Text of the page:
It takes a strong man to stand onstage with Mavis Staples. You gotta be able to carry the weight of her reputation and back catalog as well as stand up to the pressure of being showered with her distinctive, magnificent voice, supporting but not being overwhelmed by it. Guitarist Rick Holmstrom has had that pleasure and responsibility for over a decade as Staples’ guitarist and bandleader.
Holmstrom started with Alligator soulman William Clarke back in the late ’80s, later joining up with Rod Piazza and the Mighty Flyers. In 2005, Holmstrom got the call to do a short set with Staples for the BMAs, then was hired to open for her at the summer festival on Santa Monica Pier, ending up backing her when her band showed up late. Ry Cooder was producing a record with Staples at the time and liked what he heard, suggesting that Holmstrom back her full-time.
See That Light is a product of Holmstrom’s frustration at being forced off the road due to the pandemic. Trying to work out his bottled-up resentment and depression, reflected in songs like “Don’t Wake Me,” “I’m an Asshole,” and “Losing My Shit,” Holmstrom eventually got a hand up out of his predicament when his 4-year-old daughter looked up at the starry night sky and asked her dad, “What’s that light, and how do you know?”
“Joyful Eye” is the result of that conversation, a ray of hope in these dark times.
Holmstrom gets a lift from “Take My Hand,” sounding like Pops Staples backing Slim Harpo in a swampy backwater church. “Everybody’s staring at a screen / but we can’t see what’s right in front of us,” he says of the current cell phone face-plant culture.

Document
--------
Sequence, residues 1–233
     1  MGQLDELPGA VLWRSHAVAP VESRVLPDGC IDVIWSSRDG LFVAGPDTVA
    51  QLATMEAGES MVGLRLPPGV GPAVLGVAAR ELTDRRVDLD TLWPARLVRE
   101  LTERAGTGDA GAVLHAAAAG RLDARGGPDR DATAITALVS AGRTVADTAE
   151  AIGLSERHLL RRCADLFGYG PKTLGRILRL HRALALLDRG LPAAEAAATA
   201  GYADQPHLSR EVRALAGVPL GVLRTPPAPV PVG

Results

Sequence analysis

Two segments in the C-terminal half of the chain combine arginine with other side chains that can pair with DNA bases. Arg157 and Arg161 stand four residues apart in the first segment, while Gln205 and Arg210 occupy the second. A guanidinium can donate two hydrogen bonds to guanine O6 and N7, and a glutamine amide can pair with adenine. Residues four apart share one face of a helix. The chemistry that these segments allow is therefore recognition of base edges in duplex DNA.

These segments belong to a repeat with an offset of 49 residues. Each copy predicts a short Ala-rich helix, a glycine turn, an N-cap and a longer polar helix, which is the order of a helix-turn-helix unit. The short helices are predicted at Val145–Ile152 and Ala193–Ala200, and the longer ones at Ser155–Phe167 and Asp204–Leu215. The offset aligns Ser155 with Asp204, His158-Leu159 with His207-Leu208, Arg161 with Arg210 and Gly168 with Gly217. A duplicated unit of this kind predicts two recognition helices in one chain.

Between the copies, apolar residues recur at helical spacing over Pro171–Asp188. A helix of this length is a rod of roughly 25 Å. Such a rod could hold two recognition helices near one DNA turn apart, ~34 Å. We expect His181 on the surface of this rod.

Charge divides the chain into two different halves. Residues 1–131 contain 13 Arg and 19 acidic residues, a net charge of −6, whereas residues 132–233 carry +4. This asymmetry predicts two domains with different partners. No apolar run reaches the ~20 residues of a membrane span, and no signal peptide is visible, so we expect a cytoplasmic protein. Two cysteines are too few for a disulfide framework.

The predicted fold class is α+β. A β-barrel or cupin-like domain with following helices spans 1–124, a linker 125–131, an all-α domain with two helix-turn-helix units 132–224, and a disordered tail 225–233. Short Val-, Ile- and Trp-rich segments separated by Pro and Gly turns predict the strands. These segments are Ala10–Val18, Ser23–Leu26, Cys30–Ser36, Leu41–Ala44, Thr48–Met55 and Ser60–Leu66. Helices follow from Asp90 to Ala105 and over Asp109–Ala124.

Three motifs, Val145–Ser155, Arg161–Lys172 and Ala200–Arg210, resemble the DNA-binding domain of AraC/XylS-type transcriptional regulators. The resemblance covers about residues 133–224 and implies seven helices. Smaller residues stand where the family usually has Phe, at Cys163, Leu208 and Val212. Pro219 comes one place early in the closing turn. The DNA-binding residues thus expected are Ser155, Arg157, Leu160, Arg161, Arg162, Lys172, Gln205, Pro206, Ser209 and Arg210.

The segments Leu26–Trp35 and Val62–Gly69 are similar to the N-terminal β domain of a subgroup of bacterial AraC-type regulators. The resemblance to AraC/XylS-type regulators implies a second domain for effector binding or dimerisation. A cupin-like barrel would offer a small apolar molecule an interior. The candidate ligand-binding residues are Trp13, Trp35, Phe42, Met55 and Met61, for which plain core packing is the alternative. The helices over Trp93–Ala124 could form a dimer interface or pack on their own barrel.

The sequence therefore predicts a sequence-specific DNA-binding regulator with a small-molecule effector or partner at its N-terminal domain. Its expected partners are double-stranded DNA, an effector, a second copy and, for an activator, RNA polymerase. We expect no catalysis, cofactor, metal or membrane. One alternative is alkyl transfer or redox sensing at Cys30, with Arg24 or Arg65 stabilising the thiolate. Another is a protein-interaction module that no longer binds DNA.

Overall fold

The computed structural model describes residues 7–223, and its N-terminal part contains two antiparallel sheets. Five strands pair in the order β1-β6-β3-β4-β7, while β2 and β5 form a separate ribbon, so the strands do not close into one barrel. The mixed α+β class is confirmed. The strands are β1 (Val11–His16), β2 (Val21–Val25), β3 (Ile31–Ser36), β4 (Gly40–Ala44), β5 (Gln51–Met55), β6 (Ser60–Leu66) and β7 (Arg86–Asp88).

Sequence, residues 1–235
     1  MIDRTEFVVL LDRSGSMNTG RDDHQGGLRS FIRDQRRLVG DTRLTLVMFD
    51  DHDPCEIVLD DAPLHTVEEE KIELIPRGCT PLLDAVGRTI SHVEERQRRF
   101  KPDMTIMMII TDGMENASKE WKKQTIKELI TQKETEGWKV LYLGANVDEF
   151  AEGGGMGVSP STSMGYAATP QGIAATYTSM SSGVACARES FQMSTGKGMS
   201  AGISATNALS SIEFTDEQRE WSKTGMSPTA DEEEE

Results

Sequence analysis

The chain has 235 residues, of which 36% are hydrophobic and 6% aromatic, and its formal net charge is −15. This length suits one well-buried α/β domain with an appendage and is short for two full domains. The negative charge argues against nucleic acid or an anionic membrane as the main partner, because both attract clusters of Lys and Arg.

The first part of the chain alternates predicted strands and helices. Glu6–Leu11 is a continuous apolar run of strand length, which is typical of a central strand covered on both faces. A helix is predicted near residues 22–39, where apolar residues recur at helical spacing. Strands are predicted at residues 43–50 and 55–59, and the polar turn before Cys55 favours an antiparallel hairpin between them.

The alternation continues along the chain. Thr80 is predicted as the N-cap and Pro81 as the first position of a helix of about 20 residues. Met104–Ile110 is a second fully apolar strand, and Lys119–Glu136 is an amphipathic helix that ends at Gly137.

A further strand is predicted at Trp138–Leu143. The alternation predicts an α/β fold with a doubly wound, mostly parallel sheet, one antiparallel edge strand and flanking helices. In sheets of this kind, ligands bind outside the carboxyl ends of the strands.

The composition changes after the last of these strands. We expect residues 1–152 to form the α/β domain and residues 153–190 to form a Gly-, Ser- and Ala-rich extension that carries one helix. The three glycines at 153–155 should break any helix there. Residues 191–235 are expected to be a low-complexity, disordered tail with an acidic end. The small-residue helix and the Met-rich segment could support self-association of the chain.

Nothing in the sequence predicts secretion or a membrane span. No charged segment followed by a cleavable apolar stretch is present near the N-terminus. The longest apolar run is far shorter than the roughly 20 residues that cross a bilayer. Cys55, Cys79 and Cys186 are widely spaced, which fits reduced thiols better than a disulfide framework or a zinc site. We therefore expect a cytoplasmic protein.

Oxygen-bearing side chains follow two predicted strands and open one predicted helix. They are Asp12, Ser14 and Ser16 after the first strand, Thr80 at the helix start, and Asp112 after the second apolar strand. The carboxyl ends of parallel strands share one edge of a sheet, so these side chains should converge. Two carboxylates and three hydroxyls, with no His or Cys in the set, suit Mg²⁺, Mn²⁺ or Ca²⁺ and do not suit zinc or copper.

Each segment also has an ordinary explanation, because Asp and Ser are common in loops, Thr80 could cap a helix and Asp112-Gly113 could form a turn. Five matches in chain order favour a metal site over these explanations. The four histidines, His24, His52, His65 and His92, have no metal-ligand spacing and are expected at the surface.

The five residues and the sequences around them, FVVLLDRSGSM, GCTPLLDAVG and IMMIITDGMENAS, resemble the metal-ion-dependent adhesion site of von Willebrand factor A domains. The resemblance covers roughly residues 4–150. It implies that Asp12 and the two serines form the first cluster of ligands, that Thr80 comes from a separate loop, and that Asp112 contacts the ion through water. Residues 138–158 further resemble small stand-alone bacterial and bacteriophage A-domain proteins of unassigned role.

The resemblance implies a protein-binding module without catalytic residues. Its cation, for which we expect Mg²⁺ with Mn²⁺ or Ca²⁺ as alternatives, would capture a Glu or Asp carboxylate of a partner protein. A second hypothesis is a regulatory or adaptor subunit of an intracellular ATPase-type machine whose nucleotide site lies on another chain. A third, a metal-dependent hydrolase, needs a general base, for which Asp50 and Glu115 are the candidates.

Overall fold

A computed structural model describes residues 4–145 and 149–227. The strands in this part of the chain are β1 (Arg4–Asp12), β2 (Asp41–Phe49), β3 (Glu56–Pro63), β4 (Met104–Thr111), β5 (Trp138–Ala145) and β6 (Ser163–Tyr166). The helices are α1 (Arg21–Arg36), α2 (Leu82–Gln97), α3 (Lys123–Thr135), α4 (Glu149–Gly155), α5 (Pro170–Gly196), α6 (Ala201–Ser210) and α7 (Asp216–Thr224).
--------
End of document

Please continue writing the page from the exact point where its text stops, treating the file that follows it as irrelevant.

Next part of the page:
Playing with Mavis required Holmstrom to recreate Pops’ shimmery guitar work on the classic Staples material. Holmstrom theorizes that the reason that Pops used a tremolo for what he called “the shakes” was because it made the guitar sound more like an organ than a guitar, which the church thought was the devil’s instrument. “He would always say ‘Gimme a Fender with the shakes’ for the amplifier,” Holmstrom told me.
He uses that Staples shimmy on a lot of the material here, including the so-not-churchy “Losing My Shit,” stumbling around in a gloomy haze trying to regain some semblance of sanity and redemption.
But he drops out of the church entirely for the rockin’ honky-tonker “Got to Go,” featuring chewy, chooglin’ guitar alongside the rest of the trio he backs Mavis with: Steve Mugalian on drums and bassist Gregory Boaz, shown on the album’s inside cover masked up and cranking it out old-school style together in one room in the studio.
Holmstrom’s not looking for a confessional to unburden himself on “I’m An Asshole,” he’s proud of it.
Staples might not approve of the material, but she’ll surely be moved by the spirit it’s offered in, able to help Holmstrom see that light and focus it on those who need it the most.